From the perspective of a business or an industry looking to become connected, M2M and IoT have on the one hand become simpler in terms of execution, but on the other have become more complex in terms of the competitive landscape. Significant steps have been made in lowering entry costs and overcoming the complexity of application development and management. Many applications are now available as off-the-shelf products, ready for enterprise customization[4] and integration into to well-established enterprise resource planning (ERP), customer relationship management (CRM), or human resource management (HRM) systems.

Machine-to-machine and the Internet of Things will become an everyday technology. But what are the opportunities? What is the size of the market for connected solutions? How does a company go about connecting its products and services? Which kinds of M2M industry players can best assist? What will it cost? How do I launch a request for information (RFI) or request for proposal (RFP)?

Throughout this article series, Machina Research will share insights around developments in M2M, IoT, and Big Data. Machina Research has written a white paper, “Connecting your business: The top 10 things to consider when procuring M2M services,” which can be downloaded at the company's website.

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[1] As outlined in the granular global M2M forecast database of Machina Research, connectivity technologies identified and forecast per application, industry sector, and country include wide area fixed line (PSTN, DSL, cable, etc), short range (Wi-Fi, Zigbee, Ethernet), wireless wide area networks (2G/3G/4G and LPWA -- low-power wide area networks), satellite and metropolitan area networks (MAN).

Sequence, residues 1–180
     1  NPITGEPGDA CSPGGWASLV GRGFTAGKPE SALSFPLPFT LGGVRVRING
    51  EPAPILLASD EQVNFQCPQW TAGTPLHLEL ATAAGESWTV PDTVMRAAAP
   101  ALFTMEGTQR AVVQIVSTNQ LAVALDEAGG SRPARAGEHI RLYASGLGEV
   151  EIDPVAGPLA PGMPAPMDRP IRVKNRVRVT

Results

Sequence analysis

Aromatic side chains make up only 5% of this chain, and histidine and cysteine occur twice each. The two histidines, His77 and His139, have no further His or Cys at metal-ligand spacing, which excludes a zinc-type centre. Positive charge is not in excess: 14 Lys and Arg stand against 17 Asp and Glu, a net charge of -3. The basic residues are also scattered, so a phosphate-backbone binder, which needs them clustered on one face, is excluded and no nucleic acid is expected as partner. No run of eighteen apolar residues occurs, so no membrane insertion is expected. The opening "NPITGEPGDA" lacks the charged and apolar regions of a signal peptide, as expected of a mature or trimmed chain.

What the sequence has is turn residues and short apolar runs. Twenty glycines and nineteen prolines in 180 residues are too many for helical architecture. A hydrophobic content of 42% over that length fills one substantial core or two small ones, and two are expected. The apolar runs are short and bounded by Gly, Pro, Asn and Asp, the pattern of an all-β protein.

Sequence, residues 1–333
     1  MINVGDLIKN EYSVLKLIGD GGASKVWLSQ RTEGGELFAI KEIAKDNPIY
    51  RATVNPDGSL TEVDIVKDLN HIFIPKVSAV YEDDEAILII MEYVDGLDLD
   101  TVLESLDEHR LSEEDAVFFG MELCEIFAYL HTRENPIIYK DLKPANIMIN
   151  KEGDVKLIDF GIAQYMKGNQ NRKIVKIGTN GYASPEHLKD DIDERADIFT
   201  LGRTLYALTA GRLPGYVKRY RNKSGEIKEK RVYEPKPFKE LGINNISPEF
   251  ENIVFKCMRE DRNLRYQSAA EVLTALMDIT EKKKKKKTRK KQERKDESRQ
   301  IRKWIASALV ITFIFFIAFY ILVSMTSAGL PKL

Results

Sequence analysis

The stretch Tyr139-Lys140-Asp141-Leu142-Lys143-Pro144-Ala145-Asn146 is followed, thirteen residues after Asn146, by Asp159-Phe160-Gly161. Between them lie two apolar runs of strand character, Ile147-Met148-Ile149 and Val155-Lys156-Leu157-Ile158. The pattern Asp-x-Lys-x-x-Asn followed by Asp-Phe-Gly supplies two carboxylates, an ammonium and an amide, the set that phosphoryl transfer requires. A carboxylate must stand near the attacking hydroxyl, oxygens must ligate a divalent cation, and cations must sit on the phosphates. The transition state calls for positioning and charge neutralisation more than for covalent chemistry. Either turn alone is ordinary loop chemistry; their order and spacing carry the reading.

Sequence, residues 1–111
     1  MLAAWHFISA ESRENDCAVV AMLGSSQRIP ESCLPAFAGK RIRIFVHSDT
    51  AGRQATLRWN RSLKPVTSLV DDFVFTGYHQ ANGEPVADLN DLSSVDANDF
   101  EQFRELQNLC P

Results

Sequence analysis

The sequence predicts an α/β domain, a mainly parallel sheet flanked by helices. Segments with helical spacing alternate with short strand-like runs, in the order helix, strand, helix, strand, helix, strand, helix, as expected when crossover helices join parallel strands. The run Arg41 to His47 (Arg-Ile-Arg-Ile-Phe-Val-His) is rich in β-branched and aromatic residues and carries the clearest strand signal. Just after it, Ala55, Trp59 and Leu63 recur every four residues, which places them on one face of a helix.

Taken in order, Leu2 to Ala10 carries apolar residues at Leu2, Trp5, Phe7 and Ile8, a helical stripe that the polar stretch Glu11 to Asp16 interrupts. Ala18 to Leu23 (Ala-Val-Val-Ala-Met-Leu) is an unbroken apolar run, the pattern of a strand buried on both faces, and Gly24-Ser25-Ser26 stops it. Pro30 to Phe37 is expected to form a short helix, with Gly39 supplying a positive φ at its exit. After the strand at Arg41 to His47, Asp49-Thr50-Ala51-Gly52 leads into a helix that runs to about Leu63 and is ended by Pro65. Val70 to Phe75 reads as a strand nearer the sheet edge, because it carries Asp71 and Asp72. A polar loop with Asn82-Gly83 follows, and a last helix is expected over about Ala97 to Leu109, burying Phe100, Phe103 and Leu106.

[2] Machina Research Global M2M forecast database 2014

[3] The topic of real-time data capture, processing and analysis, or Big Data addressed even greater opportunities from connected devices. Machina Research addresses these topics in a number of conference presentations, Research Notes, and a more detailed Strategy Report. For more information, visit www.machinaresearch.com.

[4] Examples of off-the-shelf M2M and IoT applications may be found from M2M and IoT platform providers like ThingWorx, SeeControl, and Digi (Etherios).

 

Emil Berthelsen is principal analyst for Machina Research, a technology research and consulting firm focused on the emerging opportunities associated with new forms of connected device. Machina Research provides market intelligence and strategic insight to help clients maximize opportunities from these rapidly emerging markets. The firm helps mobile network operators, device vendors, infrastructure vendors, service providers, and potential end-users in the M2M, IoT, or Big Data space. For more, visit www.machinaresearch.com.